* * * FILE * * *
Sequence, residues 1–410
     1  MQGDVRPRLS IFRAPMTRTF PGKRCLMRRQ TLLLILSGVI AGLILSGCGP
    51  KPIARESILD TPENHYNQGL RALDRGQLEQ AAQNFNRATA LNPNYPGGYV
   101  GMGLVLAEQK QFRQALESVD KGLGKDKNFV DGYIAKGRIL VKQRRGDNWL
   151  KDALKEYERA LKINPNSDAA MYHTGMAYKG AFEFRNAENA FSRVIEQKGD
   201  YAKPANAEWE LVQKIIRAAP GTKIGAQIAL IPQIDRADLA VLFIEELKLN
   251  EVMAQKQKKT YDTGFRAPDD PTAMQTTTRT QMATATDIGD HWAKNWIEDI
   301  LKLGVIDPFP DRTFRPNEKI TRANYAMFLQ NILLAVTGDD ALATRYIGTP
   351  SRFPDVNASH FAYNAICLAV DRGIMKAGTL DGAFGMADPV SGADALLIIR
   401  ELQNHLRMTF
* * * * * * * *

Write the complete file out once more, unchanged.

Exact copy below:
Sequence, residues 1–410
     1  MQGDVRPRLS IFRAPMTRTF PGKRCLMRRQ TLLLILSGVI AGLILSGCGP
    51  KPIARESILD TPENHYNQGL RALDRGQLEQ AAQNFNRATA LNPNYPGGYV
   101  GMGLVLAEQK QFRQALESVD KGLGKDKNFV DGYIAKGRIL VKQRRGDNWL
   151  KDALKEYERA LKINPNSDAA MYHTGMAYKG AFEFRNAENA FSRVIEQKGD
   201  YAKPANAEWE LVQKIIRAAP GTKIGAQIAL IPQIDRADLA VLFIEELKLN
   251  EVMAQKQKKT YDTGFRAPDD PTAMQTTTRT QMATATDIGD HWAKNWIEDI
   301  LKLGVIDPFP DRTFRPNEKI TRANYAMFLQ NILLAVTGDD ALATRYIGTP
   351  SRFPDVNASH FAYNAICLAV DRGIMKAGTL DGAFGMADPV SGADALLIIR
   401  ELQNHLRMTF